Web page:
As a tool for national security, counterintelligen
This essay As a tool for national security, counterintelligen has a total of 2249 words and 9 pages.
As a tool for national security, counterintelligence is as important as the armed services, if not more so. By definition, counterintelligence means to counter the information gathering efforts of a hostile intelligence agency. Along side it’s sister service, intelligence, counter intelligence, helps defend a nation from both internal and external aggression. This is generally done by guarding information storage sites, or by capturing enemy spies. Also, counterintelligence is interchangeably used with counterespionage. Counterintelligence is generally considered the younger, less attractive sister agency to intelligence. While Intelligence is considered to have a gentlemanly air about it; counterintelligence is generally considered to be full of “professional paranoids”. This is mainly because counterintelligence operatives must operate with the highest level of mistrust and secrecy. In fact, at one time it was believed in the Central Intelligence Agency that the counterintelligence staff operated under the assumption that the KGB (Soviet intelligence agency) had penetrated many high levels of the government (CIA and the Cult of Intelligence). This also tends to portray the attitude the rest of the intelligence community holds for counterintelligence operatives. The intelligence community tends to believe counterintelligence operatives are underhanded and unnecessarily paranoid. This attitude does not affect the need for a strong counterintelligence ability in any national intelligence community. Without a strong counterintelligence ability, any intelligence gained about any target may prove to be useless. This happens because the target in question may have the ability to penetrate the surveying intelligence agency’s operation, and find out what information has been gathered. Then, the target will be able to completely change their strategy. Thus, counterintelligence as a tool for national strategy is unequivocal.
In the United States, for example, intelligence and counter intelligence are broken up into two broad categories, foreign and domestic. Each of these categories falls under the jurisdiction of two different agencies. All foreign intelligence and counterintelligence activities fall under the control of the Central Intelligence Agency (here out, referred to as CIA). While all domestic intelligence and counterintelligence activities are the responsibility of the Federal Bureau of Investigation (here out, referred to as FBI). While the missions are the same, each agency has adapted different methods of engaging in these activities. This difference has occurred because the two agencies operate in different environments. On one hand, the FBI is able to take a strong-arm approach. The FBI is able to do this because they are operating on native soil. They do not have to worry about a foreign government finding out about their operation and shutting it down (along with other adverse consequences). While on the other hand, the CIA is not afforded the same luxuries. The CIA must operate in foreign, and sometimes hostile, nations. This forces the CIA to adopt a more covert mode of operating, while the FBI is able to freely tail their subjects. The CIA must split their effort to survey the target AND themselves (for security reasons). While neither agency admits it, they are both woefully behind in the counterintelligence department. For example, if the CIA has such a strong counterintelligence department, how could Aldrich Ames spy for the Soviet Union for nearly thirty years? This sort of incident screams for counterintelligence improvement. Eleven CIA case officers in charge of Aldrich notice several warning signs (White House press release, February 22, 1994), some of which included alcohol abuse, but none of them notified any of the proper authorities (namely the counterintelligence department, or internal security). To this day the United States is unsure how damaging Aldrich was to national security.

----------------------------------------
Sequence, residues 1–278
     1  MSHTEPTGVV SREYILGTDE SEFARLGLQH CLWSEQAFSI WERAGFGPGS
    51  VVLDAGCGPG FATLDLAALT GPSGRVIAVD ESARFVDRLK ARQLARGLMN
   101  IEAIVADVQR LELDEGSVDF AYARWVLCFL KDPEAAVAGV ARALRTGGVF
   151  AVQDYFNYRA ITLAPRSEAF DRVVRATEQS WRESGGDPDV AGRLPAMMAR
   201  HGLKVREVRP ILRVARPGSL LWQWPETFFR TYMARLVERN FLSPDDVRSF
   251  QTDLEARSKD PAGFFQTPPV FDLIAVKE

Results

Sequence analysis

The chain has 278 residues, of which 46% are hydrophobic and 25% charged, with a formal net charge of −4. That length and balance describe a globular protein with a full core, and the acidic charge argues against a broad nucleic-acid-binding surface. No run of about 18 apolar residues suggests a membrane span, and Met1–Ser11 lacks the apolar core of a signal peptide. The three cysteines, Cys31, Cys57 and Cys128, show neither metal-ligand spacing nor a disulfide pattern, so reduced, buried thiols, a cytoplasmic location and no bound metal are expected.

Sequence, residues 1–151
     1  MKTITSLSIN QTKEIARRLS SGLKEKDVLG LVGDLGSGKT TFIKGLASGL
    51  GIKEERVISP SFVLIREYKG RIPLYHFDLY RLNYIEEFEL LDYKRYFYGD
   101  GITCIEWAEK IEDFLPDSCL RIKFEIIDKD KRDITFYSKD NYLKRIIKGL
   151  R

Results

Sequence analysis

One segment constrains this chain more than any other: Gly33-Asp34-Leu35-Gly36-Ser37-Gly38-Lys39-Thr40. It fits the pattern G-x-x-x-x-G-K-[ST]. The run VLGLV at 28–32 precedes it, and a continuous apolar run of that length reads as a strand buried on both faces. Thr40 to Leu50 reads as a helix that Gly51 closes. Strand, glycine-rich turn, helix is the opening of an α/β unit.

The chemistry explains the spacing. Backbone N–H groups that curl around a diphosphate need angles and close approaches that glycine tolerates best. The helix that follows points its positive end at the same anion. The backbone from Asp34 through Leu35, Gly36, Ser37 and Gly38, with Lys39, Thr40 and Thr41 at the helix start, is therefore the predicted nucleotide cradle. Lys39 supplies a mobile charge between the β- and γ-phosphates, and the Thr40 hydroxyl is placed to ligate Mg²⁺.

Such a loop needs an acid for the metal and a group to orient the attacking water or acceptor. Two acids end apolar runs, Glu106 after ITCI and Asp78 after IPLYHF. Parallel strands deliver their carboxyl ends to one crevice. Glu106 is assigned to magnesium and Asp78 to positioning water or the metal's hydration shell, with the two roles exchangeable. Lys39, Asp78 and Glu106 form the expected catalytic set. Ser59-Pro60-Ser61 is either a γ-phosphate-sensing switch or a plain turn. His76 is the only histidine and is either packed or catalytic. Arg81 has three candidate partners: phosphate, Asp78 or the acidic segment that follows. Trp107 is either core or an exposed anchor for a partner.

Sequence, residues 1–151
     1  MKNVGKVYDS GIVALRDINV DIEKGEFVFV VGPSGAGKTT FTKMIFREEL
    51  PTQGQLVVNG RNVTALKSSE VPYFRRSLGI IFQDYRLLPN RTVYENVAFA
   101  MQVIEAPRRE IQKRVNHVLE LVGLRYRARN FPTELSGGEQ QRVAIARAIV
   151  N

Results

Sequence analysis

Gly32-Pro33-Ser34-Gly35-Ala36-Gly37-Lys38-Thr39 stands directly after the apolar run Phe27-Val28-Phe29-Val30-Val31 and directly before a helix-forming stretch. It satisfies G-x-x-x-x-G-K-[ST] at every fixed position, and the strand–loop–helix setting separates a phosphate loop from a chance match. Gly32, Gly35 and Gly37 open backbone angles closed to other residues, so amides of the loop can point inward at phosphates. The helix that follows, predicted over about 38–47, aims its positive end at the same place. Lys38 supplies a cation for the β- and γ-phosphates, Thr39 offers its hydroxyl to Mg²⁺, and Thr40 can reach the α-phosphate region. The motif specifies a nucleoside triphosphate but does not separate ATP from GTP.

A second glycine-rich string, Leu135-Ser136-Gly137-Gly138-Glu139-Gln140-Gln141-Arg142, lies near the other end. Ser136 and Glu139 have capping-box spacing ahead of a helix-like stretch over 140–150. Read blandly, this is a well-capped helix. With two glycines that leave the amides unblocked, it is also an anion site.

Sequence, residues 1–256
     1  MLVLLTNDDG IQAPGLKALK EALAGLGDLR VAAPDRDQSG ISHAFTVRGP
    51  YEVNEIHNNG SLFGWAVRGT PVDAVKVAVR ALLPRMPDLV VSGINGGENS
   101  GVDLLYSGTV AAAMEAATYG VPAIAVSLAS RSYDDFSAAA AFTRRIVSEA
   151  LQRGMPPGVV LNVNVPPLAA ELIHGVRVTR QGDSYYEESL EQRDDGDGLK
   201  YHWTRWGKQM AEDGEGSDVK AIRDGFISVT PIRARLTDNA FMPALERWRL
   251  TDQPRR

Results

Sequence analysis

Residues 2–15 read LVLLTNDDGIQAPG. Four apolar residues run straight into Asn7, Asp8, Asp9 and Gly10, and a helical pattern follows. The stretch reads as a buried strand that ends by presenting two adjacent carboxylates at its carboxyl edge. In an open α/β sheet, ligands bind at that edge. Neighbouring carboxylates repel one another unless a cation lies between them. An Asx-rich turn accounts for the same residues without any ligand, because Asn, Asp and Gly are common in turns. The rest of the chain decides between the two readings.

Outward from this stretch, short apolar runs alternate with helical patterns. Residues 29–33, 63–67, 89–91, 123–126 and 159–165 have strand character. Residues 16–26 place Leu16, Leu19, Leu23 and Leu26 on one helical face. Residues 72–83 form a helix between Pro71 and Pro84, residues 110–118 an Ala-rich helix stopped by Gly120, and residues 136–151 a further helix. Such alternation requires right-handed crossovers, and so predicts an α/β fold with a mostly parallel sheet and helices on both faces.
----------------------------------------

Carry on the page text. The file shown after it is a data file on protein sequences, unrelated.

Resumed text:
Some may wonder why the United States has let its counterintelligence abilities become so weak, but in the world of political correctness it is quite clear. Some suggestions have been made: Admitting the need for counterintelligence is suggesting that security measures are, and have been, inadequate. It also brings up the sticky assumption that there are individuals within the framework are not to be trusted. Both of these issues tend to conflict with egos that may be in-charge. A third and more insidious suggestion is that the powers that be may believe counterintelligence has no place among their departments. What they do not realize is that timely and effective intelligence is highly dependent on
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